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Polish team creates transparent cryogenic temperature sensor

Jan 08, 2017

Researchers from the Lodz University of Technology in Poland have designed a transparent, flexible cryogenic temperature sensor with graphene structures as sensing elements. Such sensors could be useful for any field that requires operating in low-temperatures, such as medical diagnostics, space exploration and aviation, processing and storage of food and scientific research.

Making graphene transparent cryogenic temperature sensors

The sensors were repeatedly cooled from room temperature to cryogenic temperature. Graphene structures were characterized using Raman spectroscopy. The observation of the resistance changes as a function of temperature indicates the potential use of graphene in the construction of temperature sensors. The temperature characteristics of the analyzed graphene sensors exhibit no clear anomalies or strong non-linearity in the entire studied temperature range (as compared to the typical carbon sensor).

MIT team uses graphene to create ultra-strong 3D materials

Jan 08, 2017

Researchers at MIT have designed a strong and lightweight material, by compressing and fusing flakes of graphene. The new material, a sponge-like configuration with a density of just 5%, can have a strength 10 times that of steel. This work could pose an interesting way of transforming graphene into useful 3D objects and items.MIT created superstrong graphene 3D material image

The team developed the product by using a combination of both heat and pressure, compressing and fusing the flakes of graphene together. This process produced a strong, stable structure whose form resembles that of some corals and microscopic creatures called diatoms. These shapes, which have an enormous surface area in proportion to their volume, proved to be remarkably strong.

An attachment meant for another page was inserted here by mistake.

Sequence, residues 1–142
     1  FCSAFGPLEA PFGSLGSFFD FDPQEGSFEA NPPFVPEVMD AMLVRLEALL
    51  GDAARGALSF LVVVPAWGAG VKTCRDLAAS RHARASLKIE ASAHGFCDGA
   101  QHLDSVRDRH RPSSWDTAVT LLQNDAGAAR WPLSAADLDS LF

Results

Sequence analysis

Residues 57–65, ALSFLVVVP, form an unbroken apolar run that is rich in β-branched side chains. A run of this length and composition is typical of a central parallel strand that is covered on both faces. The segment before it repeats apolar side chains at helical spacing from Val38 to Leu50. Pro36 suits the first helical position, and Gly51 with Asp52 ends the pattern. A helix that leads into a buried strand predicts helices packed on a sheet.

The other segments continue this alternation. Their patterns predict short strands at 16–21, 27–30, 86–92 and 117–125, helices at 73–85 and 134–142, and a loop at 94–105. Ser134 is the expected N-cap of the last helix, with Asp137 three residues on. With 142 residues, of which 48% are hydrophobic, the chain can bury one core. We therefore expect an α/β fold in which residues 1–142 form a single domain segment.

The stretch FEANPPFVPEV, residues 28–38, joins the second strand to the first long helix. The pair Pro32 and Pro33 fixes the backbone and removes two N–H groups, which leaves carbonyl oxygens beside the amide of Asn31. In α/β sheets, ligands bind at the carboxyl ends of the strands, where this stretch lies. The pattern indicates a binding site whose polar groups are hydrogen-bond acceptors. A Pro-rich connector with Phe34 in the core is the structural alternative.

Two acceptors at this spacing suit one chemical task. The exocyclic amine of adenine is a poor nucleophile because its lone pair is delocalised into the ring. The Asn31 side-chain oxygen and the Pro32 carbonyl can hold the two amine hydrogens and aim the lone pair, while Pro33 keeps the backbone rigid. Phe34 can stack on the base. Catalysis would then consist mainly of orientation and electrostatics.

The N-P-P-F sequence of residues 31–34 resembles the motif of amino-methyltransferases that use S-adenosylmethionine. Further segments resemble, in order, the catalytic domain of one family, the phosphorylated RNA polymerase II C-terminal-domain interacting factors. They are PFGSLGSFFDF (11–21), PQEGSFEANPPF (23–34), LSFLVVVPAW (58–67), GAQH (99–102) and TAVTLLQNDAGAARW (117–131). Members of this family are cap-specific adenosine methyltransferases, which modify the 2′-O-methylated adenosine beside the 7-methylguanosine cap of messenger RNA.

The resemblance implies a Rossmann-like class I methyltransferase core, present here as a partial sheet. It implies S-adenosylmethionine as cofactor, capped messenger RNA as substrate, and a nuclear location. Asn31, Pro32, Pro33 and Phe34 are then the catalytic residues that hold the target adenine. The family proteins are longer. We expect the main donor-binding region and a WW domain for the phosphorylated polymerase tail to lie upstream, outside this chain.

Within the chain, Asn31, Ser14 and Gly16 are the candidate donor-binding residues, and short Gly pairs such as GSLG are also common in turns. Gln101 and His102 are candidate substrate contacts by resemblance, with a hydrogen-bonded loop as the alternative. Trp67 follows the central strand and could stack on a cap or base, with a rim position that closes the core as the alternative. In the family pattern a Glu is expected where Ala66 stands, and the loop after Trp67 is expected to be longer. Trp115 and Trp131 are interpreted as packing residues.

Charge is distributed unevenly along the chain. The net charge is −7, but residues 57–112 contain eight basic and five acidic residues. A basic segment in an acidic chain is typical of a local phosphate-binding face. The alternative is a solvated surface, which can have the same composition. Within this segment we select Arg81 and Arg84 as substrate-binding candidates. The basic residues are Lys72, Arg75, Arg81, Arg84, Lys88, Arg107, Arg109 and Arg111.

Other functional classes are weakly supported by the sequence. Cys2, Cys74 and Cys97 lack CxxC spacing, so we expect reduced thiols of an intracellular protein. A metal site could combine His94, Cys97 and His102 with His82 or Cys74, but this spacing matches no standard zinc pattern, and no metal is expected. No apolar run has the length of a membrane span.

Versarien enters agreement with Fern Plastic Products to manufacture graphene-enhanced injection moulded products

Dec 20, 2016

Versarien announced an agreement with Fern Plastic Products to manufacture injection moulded products using graphene-enhanced polyaryletherketone (PAEK) materials. The agreement with Fern Plastics follows the agreement with Scafell Organics announced earlier this month.

The plan is for Versarien to utilize Fern Plastics' manufacturing facilities and expertise to produce injection moulded products using graphene-enhanced PAEK materials produced through Versarien's collaboration with Scafell.

UCF researchers receive $1.3 million from DARPA to develop a graphene-enhanced IR detector

Dec 18, 2016

The Defense Advanced Research Projects Agency (DARPA) has reportedly awarded a $1.3 million grant to a team from the University of Central Florida (UCF) to fund the development of a graphene-enhanced next-generation infrared detector that could be used in fields like night vision, meteorology, and space exploration.

The UCF team is working on an entirely new type of detector that relies on graphene. The researchers plan to use graphene to make an infrared detector that is small, portable, doesn't need to be cooled, and produces high-resolution images. Unlike current technologies, which can detect only one band of light, the next-gen detector would be tunable and able to see a range of bands.

Versarien enters agreement with Scalfell Organics to develop graphene-enhanced PAEK materials

Dec 18, 2016

Versarien logo imageVersarien, the advanced materials group, has signed an agreement with polymer chemical producer Scafell Organics to develop graphene-enhanced polyaryletherketone materials (PAEKs). These materials are a family of semi-crystalline thermoplastics with high-temperature stability and high mechanical strength, used in the automotive and aerospace industries.

Versarien reportedly plans to utilize Scafell’s facilities and production expertise to produce graphene enhanced PAEK materials using Versarien supplied graphene nano platelets. It is hoped that these graphene enhanced materials will be available for sale by Versarien through its sales team as well as Scafell’s customers.